Designed by New York firm Desai Chia Architecture, in collaboration with local Traverse City, Michigan, firm Environment Architects, the Michigan Lake House is a composition of three interconnected massings. The open living, kitchen, and dining spaces are contained in the main structure. Separated from the living spaces and connected via a dining area breezeway, two additional volumes contain the master suite and the children's quarters.
The house is built from reclaimed materials found on site. Clad in charred black wood, the exterior skin is created from a traditional technique called shou sugi ban, which treats the wood to become weather- and bug-resistant. The textured skin dramatizes the play of light and shadows as the sun moves across the home during the day.
The use of timber is continued inside. Cabinetry, flooring, ceiling panels, trim, and furniture were constructed from dying ash trees original to the site, adding warmth and natural elements to the living quarters.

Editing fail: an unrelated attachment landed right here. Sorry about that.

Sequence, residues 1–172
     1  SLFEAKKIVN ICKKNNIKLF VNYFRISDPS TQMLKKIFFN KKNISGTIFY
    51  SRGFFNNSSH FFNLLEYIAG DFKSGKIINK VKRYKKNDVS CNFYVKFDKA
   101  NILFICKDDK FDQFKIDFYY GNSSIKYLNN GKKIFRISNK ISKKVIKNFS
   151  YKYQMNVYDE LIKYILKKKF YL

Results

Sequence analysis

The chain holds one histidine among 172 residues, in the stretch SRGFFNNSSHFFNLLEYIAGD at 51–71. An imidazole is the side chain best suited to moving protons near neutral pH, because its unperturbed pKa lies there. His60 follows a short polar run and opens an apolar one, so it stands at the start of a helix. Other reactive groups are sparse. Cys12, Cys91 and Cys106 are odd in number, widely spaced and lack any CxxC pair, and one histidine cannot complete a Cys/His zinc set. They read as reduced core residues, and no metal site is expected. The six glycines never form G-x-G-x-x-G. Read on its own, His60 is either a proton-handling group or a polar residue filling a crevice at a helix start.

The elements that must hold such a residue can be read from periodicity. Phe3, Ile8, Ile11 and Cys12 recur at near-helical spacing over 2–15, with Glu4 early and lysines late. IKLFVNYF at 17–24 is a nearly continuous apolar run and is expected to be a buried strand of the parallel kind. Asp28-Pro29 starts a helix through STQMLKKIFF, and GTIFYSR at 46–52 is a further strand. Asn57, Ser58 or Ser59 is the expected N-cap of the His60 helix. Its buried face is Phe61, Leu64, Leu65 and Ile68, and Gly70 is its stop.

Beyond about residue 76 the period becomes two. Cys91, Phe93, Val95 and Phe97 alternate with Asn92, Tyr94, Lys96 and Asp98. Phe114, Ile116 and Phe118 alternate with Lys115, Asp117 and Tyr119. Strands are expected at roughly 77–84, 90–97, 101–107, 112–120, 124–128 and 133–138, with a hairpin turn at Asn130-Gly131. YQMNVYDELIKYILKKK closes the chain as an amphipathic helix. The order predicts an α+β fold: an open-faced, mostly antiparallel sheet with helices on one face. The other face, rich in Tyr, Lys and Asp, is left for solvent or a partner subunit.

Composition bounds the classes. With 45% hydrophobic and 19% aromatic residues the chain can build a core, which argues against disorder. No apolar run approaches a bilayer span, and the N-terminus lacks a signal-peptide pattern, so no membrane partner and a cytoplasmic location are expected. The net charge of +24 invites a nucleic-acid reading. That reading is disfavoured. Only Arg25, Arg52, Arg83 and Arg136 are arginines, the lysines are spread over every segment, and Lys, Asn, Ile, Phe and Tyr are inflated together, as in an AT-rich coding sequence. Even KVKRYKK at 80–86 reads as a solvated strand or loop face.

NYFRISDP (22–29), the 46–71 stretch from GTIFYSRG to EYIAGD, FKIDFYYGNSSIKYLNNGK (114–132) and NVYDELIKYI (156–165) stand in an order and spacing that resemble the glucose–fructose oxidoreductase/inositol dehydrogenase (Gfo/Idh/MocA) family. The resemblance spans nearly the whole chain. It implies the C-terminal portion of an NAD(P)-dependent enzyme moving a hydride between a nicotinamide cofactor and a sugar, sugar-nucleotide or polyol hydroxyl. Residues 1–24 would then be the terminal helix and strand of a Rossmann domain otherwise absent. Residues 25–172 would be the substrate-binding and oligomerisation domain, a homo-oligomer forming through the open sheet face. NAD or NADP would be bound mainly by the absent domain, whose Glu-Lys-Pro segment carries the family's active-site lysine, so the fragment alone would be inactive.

Representing the surrounding natural landscape, the dramatic geometry of the roof plane undulates across the spaces, creating vaulted ceilings and a 20-foot terrace outside.
In addition to space, materials, and form, the designers were conscious of implementing positive stewardship of the land and thoughtfully incorporated sustainable systems into the design. Roof scuppers and native vegetation assist in managing storm water run-off, while geothermal heating as needed and natural ventilation from lakefront breezes provide passive cooling.
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